School plans new campus in southern Harford Co.

Institution teaches pupils with learning disabilities

March 28, 2004|By Lane Harvey Brown | Lane Harvey Brown,SUN STAFF

The Highlands School, which teaches children with learning disabilities from Harford, Cecil and Baltimore counties, is planning to move out of its rooms in an old school building in Street and build a small campus in Creswell.

The new school -- on 18 acres of the former Boniface farm on Route 543, across from the Eastern Christian College campus -- would serve about 120 children from early elementary to middle-school age. The school is to open in fall 2006.

"It's a really exciting time," said educational director Beth Maahs-Hoagberg. "I guess I never dreamed that we would get to this point."

Maahs-Hoagberg was one of a handful of Harford County women who teamed up more than a decade ago with the goal of opening a school to help children with learning problems such as attention deficit disorder, hyperactivity, dyslexia and language-processing difficulties.

The school opened in 1996 with six pupils in grades four through eight, said state Del. Joanne S. Parrott, a Republican representing northern Harford County. Parrott, also a school founder, began working with the school while she was a County Council member. She said the hope is to expand the program to serve kindergarten through eighth grade.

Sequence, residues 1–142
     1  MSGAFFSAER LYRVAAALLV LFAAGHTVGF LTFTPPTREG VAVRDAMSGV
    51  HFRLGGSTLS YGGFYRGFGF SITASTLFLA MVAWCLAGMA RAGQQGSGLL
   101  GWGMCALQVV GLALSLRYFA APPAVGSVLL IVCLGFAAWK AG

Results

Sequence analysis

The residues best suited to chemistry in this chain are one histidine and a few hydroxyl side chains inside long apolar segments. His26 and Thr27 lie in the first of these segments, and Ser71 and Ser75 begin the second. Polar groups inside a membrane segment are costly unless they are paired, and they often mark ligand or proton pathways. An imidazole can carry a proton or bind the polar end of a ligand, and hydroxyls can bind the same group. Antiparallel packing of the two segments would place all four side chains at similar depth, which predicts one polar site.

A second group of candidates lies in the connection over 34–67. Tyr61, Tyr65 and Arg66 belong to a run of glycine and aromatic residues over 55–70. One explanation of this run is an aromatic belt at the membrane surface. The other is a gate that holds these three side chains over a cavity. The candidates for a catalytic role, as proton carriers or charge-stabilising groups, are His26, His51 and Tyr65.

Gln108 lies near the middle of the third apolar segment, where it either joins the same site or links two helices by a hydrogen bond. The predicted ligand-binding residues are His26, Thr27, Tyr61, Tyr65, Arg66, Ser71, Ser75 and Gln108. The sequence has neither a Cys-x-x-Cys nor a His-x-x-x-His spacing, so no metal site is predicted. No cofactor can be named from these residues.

"We've truly been blessed with support," Parrott said. "It's just rather incredible."

The Highlands School Foundation was formed about a year ago, she said, to begin the task of raising $5.5 million.

Wayne Tapscott, vice president of the foundation, said the group has grown to about two dozen members and has secured about $600,000 in pledges.

"It's an ambitious project, but a good cause," said Tapscott, an owner of HARCO Auto Park in Aberdeen.

The school would be built on part of a 41-acre agricultural parcel on Creswell Road, north of Interstate 95.

Plans for the school include a 25,000-square-foot building with 13 classrooms, a library, art and music rooms, a gym, a computer lab and a courtyard, according to the school's Web site.

Maahs-Hoagberg said each of Highlands' classes has 10 to 12 pupils, with intensive smaller sessions of two or three pupils for reading and math. Tuition is $17,850 a year.

When the school started, in several rooms of the former Highland Elementary School in Street, Maahs-Hoagberg said, organizers had plenty of room for a half-dozen children. Now, with 48 children in that building, which also houses a community services agency and senior center, things are more cramped.

"Now that we've outgrown our space, I can't even fathom what it's going to be like" in the new school, she said.

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